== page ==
Deflation will push real saving returns up while mortgage free pensioners suffer

22 April 2009 / by Rebecca Sargent
A key UK measure of inflation fell into the negative in March for the first time in almost 50 years, new figures from the Office of National Statistics have revealed.

The Retail Prices Index (RPI) measure, which includes mortgages, fell from zero to -0.4 per cent, pushing the economy into deflation. Meanwhile, the Consumer Prices Index (CPI), which does not include mortgages, fell from 3.2 per cent to 2.9 per cent.

The news of RPI deflation has been met with mixed reviews. Some analysts claim that the news will be good for savers, who will experience greater 'real' returns, yet statistics show that mortgage free pensioners will continue to suffer from higher inflation.

Commenting, Kevin Mountford, head of banking at said: "The level of savings – or savings ratio – has been too low for too long in the UK. However, deflation might be the trigger savers need to get them back in the savings habit because their money will be worth more."

However, many claim that older people and pension drawers will continue to suffer higher inflation, despite the official rate - figures from Alliance Trust suggest that inflation for those aged between 65 and 74 is actually 3.7 per cent, while it is 4.6 per cent for those aged 75 or above.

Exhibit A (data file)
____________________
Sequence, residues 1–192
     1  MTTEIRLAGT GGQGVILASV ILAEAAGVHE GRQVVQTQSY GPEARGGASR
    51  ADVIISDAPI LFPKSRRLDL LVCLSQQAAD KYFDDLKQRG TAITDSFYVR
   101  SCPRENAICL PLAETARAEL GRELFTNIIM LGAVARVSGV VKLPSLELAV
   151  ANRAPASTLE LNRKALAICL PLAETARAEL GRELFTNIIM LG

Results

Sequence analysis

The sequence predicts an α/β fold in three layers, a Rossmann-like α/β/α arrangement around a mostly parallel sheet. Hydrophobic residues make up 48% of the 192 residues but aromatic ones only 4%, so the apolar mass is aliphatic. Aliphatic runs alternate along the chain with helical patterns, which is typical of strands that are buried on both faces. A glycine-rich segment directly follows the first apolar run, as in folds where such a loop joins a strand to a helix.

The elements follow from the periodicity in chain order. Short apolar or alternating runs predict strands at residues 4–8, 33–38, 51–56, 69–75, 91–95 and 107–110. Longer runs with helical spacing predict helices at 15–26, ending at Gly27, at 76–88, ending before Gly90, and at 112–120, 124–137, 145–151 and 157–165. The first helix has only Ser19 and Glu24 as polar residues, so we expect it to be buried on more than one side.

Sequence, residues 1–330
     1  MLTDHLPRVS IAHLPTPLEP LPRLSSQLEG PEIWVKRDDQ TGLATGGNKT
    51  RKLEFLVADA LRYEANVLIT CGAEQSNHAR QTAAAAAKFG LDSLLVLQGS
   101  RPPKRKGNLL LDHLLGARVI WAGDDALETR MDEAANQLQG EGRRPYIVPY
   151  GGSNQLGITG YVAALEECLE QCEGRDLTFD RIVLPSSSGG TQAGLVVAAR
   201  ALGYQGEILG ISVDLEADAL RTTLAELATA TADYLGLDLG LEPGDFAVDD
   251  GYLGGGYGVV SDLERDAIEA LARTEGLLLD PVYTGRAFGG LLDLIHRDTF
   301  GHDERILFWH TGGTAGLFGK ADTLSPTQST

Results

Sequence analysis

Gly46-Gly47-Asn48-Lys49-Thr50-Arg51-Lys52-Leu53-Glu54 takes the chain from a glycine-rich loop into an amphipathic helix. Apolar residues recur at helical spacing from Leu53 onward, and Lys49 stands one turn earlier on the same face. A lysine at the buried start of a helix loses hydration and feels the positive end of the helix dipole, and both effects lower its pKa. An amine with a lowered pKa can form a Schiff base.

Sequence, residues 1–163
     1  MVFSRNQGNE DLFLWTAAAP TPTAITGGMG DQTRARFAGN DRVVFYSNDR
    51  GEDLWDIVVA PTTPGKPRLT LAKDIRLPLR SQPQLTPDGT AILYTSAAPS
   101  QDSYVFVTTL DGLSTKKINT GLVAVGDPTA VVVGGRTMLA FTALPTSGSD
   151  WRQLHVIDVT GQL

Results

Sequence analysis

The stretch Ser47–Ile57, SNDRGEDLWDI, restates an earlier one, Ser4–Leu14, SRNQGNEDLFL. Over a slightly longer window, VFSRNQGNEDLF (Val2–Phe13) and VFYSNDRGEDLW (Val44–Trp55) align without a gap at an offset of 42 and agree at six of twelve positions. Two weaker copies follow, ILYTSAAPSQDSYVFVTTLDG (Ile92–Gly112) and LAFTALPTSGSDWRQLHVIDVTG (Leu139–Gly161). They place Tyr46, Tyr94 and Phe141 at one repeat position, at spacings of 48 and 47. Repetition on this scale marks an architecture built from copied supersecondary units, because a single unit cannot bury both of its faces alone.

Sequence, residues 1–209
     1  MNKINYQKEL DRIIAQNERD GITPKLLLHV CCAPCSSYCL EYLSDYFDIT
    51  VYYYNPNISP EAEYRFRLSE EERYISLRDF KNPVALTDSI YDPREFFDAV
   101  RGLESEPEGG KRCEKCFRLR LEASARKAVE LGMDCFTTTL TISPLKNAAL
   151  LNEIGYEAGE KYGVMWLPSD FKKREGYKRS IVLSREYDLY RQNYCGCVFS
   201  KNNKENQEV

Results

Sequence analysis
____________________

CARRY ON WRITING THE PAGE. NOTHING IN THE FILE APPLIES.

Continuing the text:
Shona Dobbie, head of the Alliance Trust Research Centre said:

"The elderly continue to be hit hardest by high prices. Gas, electricity and food prices still remain elevated and the need to cover these basic costs leaves elderly households with much less money to spend elsewhere."

Michelle Mitchell, charity director of Help the Aged and Age Concern added:

"Falling headline inflation masks the fact that many older people's real rate of inflation remains far higher than the average.

"Most older people aren't benefitting from falling mortgage interest rates which are driving down inflation and are still struggling with high food and fuel bills."

Mr Mountford added: "Most of those in retirement don't have mortgages so they won't have benefitted from this. Instead, they are seeing their income fall because savings rates have been slashed and they have pensions linked to inflation – yet the cost of many things they buy is till going up."

© Fair Investment Company Ltd